Grant Shapps backs self-builders

Housing Minister Grant Shapps said the Government will 'put its money where its mouth is' and help more people to realise their dream of building their own home.

Speaking at Grand Designs Live 2011, Mr Shapps said that he wanted self build to become a mainstream housing option, and that Government would play its part by making available publicly owned land for use by ordinary people to build their own homes.
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New initiative

Linden Homes has announced plans for a new sustainability initiative that it would like to see taken up by the industry.

The house builder is investigating the initiative, which it said would provide the opportunity to cut carbon, improve water efficiency, reduce energy costs, create additional jobs while delivering new homes that people want to live in.
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April 2011

Issue 10   28/04/11   click here to view

Lead Stories

Sun shines brightly
The UK Feed-in-tariff has been around for one full year now, and solar panels are clearly becoming much more popular in the UK than ever before, explained CompareMySolar.com

A total amount of 77,864 kWp or 28,602 solar panel installations (average 2.7 kWp) have been reported to Ofgem, the government energy regulator, between April 1st 2010 and March 31st 2011. Over 90% of this was installed in England, and the rest in Scotland and Wales (Northern Ireland consumers can’t apply for FiTs for now). Looking at these UK solar panel installations, what are the most popular areas?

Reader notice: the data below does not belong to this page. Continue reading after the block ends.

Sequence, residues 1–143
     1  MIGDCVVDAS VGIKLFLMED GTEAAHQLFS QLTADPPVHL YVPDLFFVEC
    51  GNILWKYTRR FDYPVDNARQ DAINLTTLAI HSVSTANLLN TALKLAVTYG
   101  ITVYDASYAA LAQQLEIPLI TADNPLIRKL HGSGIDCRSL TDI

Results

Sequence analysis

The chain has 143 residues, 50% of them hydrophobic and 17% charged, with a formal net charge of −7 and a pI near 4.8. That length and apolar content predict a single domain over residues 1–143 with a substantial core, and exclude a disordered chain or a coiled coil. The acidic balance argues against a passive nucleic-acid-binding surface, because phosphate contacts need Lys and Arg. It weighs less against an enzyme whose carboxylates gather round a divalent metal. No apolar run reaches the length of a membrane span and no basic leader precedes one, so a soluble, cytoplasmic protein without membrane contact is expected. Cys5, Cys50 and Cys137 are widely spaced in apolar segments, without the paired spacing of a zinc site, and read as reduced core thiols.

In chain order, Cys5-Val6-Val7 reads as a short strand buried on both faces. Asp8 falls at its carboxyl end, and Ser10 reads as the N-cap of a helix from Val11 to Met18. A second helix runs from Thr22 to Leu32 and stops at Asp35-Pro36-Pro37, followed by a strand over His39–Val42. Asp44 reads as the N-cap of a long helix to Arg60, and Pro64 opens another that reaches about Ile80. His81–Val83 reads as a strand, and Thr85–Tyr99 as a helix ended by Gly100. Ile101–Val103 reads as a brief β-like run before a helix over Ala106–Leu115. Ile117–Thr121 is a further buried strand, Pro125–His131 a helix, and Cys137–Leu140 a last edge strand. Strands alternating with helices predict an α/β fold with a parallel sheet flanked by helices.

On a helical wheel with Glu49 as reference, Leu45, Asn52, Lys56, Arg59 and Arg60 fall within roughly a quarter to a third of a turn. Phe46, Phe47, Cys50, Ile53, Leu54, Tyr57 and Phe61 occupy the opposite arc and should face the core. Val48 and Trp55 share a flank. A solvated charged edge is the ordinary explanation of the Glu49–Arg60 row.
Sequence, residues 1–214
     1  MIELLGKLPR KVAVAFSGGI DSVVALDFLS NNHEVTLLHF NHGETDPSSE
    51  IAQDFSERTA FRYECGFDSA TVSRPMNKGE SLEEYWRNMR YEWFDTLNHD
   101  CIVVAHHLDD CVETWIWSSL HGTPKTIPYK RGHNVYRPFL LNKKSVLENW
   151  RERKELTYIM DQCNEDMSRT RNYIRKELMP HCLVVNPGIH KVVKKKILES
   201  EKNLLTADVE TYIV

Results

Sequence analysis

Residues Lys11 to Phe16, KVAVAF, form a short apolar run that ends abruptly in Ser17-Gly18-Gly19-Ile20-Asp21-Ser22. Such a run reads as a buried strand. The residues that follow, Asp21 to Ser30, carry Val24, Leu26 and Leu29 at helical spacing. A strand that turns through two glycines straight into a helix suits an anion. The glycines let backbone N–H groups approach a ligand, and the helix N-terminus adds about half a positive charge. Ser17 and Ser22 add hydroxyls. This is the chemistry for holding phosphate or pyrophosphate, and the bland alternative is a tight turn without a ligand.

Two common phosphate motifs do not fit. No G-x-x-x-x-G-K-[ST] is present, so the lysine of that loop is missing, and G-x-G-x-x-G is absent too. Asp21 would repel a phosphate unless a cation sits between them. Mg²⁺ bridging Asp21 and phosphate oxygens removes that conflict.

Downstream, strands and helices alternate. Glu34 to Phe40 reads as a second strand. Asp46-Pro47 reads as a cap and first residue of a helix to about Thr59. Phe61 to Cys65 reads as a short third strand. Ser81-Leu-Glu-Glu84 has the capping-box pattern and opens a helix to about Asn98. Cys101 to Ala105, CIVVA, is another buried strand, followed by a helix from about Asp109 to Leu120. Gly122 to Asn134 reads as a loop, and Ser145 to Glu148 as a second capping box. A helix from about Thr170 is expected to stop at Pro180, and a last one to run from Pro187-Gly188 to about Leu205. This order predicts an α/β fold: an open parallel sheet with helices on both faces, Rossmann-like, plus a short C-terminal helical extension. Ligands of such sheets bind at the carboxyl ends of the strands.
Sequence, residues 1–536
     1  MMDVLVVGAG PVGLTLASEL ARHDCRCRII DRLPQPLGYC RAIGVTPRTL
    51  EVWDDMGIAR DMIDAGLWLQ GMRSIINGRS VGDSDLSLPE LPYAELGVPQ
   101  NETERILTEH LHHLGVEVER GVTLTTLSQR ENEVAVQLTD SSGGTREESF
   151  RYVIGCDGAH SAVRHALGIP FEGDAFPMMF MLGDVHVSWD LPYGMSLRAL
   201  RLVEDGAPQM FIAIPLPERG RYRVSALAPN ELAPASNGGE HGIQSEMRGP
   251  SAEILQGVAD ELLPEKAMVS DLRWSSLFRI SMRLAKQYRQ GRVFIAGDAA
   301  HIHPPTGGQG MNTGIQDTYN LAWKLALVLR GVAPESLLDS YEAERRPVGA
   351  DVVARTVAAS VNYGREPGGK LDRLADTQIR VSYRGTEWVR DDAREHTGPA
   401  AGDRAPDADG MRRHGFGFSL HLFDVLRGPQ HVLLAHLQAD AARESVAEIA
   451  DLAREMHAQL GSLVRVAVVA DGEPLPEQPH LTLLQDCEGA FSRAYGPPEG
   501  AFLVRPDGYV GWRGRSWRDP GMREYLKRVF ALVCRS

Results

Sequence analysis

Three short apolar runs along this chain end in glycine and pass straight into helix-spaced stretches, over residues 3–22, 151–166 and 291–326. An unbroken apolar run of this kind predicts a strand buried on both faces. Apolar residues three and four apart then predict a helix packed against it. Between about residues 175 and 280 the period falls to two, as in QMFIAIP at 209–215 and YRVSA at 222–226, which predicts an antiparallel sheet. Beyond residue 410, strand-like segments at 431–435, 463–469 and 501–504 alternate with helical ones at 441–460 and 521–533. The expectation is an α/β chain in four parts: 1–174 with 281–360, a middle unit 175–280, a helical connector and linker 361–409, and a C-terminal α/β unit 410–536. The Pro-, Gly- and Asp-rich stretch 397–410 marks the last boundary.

Using Ofgem data CompareMySolar created a UK map [INSERT PICTURE a], showing the number of solar installations per county in the last year. Popular counties (> 500 solar panel installations) are located in three clusters. The first is the South-West, from Devon (931) and Cornwall (527) to Hampshire (918) due to the large amount of sunlight available in these counties. Read the Rest Here

Tall, lean and green warehouses
At the launch of its Warehouse of the Future research, BNP Paribas Real Estate, in conjunction with Gazeley and Legal and General, identified the key factors that will shape the future development of warehouses and highlighted sustainability, cost, location and high eaves are the main priorities for occupiers.

To produce the report BNP Paribas Real Estate canvassed opinion from leading UK retailers, 3PLs and manufacturers to discover what factors would define the warehouse of the future.

Paul Rixon, head of logistics at BNP Paribas Real Estate said: “We have not seen large-scale development in the UK logistics market for a number of years. Our research indicates that new stock will be delivered on to the market over the next few years predominantly through design and build projects with a potential move towards speculative development anticipated in 2011. Undoubtedly the logistics sector has evolved since the last wave of development and our research has revealed that occupiers have changing priorities and demands for their properties.” BNP Paribas Real Estate’s Warehouse of the Future report highlights sustainability as being at the forefront of occupier’s requirements with 86% of respondents agreeing that sustainability initiatives are important to the future of warehousing.